WINNIPEG(CNS Canada) – While trade deals have had Canadian dairy farmers concerned about losing market share domestically, a recent proposal to change food package labeling could potentially be more damaging to the industry.
Health Canada launched a consultation period in February for its proposed new front-of-packaging labelling. The proposal is part of Health Canada’s Healthy Eating Strategy and would include placing new warning labels on the front of products sold in Canada for foods that are high in saturated fats, sugars and sodium.
“Our concern is that many Canadians would actually put that product back down if they see a warning label on it. So it would impact our markets domestically,” said David Wiens, chair of Dairy Farmers of Manitoba (DFM) during one of the group’s four spring meetings held in Headingley, MB on April 4.
Dollar-wise the proposal could have a huge effect for Canadian dairy farmers. Wiens has heard that it could negatively impact the Canadian dairy industry by as much as C$800 million.
While milk will be getting a pass from the proposed labels, other dairy products such as cheeses and yogurts will not, which has the Canadian dairy industry concerned.
“It’s intuitively wrong where you would have nutrient dense foods that Canadians rely on for (their) healthy eating strategy, would now come with warning labels,” Wiens said.
According to Wiens, under the Health Canada proposal many dairy products would fall into the category of being too high in sodium or saturated fats. For example, sodium is used in the aging of cheese. Other products such as flavoured milks and yogurts would also see labels placed on them, however products like soda with aspartame would not.
“We’re concerned with the way in which Health Canada is approaching this. It’s a rather simplistic way and what they’re doing then is they’re ignoring the level of essential nutrients that these nutrient dense foods that are dairy contain, because they’re simply focused on those bottom three,” he said.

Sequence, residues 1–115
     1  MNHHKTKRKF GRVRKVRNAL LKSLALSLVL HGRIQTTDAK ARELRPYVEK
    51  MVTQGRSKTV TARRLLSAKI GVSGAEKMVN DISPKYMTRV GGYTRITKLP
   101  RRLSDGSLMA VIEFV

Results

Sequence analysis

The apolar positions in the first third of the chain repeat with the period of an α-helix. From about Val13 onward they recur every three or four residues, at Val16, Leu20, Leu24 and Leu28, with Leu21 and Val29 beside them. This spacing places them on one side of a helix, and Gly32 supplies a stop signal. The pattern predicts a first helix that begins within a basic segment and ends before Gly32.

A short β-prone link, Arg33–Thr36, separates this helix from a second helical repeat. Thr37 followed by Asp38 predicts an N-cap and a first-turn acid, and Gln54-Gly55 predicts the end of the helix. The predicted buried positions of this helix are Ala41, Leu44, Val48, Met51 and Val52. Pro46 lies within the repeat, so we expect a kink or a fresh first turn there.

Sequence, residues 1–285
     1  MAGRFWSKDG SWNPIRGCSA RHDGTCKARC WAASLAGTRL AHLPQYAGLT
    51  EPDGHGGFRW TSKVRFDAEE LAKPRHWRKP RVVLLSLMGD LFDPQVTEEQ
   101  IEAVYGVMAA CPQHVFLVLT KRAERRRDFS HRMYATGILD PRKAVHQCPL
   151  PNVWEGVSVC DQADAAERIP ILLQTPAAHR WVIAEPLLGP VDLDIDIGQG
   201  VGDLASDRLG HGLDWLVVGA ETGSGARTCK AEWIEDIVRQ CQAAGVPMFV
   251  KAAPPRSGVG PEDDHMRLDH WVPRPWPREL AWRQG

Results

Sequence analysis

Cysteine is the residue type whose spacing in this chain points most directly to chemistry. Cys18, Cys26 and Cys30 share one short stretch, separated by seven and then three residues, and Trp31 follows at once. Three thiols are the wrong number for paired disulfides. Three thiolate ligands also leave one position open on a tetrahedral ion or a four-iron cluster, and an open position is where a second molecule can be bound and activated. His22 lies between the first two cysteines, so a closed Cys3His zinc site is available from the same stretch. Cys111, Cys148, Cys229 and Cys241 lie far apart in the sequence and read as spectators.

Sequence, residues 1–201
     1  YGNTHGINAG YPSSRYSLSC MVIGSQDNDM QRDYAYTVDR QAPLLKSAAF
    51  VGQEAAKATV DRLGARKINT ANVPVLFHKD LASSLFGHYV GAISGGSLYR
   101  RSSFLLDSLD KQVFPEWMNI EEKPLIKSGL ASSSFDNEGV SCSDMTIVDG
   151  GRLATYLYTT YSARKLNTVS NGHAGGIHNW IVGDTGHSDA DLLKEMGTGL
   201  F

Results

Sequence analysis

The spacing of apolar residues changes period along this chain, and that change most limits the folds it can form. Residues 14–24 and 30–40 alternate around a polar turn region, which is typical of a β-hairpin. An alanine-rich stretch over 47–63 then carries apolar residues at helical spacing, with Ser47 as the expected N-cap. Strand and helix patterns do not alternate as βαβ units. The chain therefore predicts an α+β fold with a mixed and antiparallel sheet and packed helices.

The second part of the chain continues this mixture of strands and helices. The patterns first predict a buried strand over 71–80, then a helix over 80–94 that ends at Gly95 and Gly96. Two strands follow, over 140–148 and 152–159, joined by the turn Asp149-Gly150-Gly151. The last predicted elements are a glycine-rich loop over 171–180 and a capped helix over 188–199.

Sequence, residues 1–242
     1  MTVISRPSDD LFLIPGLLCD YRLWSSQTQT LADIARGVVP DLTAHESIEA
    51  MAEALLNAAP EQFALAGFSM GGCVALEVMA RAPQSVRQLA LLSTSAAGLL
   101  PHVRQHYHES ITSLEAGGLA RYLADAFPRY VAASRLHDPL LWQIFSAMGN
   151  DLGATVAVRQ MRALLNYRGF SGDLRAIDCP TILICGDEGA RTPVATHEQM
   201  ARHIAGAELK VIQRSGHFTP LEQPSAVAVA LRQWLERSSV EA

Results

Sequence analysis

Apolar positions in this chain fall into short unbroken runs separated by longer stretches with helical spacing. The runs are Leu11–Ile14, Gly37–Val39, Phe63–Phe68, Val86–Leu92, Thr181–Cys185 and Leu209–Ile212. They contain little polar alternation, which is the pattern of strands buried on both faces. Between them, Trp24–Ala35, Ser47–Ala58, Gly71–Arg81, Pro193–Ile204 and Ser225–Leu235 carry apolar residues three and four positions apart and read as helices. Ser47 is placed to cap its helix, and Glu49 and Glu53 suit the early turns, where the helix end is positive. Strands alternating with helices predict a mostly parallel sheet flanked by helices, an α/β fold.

In a news release from Health Canada it cited research that Canadians consume “too much” of these nutrients, with eight out of 10 Canadians consuming too much sodium and “almost one in two” Canadians eat too much saturated fat.
Dairy Farmers of Canada (DFC) has been lobbying against the proposals stating the science doesn’t make sense. But according to Wiens, research completed by DFC and partly funded by the federal government has been dismissed, as Health Canada has said it is biased.
There have been outside voices speaking out against the proposals, including Dr. Andrew Samis, general surgeon and critical care specialist at Quinte Health Care at Belleville General Hospital in Ontario. According to Wiens, Dr. Samis has said that as a doctor, if the new labelling is implemented, he could have patients buying products he has recommended for them with labels on it saying it isn’t good for them.
“That’s the concern that’s being raised by people like that…I’m at least hoping they’re having some impact about getting the message out (that) Health Canada really needs to rethink their healthy eating strategy here,” Wiens said.
DFM members were encouraged to speak out against the front-of-package labelling at the Headingley meeting, and were told to visit www.keepcanadianshealthy.ca for more information.
Health Canada’s consultation period runs until April 26 and can be viewed here.